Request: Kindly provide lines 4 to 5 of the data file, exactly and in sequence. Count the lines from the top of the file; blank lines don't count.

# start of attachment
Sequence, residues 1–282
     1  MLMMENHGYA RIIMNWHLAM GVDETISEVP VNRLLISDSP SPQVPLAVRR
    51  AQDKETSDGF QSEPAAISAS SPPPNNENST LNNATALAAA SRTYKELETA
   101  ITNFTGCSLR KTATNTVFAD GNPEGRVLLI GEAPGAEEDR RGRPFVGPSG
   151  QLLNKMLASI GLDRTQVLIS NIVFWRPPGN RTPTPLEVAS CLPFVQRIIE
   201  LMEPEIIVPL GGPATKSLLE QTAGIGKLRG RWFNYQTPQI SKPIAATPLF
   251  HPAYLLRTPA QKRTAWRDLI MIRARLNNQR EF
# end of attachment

   101  ITNFTGCSLR KTATNTVFAD GNPEGRVLLI GEAPGAEEDR RGRPFVGPSG
   151  QLLNKMLASI GLDRTQVLIS NIVFWRPPGN RTPTPLEVAS CLPFVQRIIE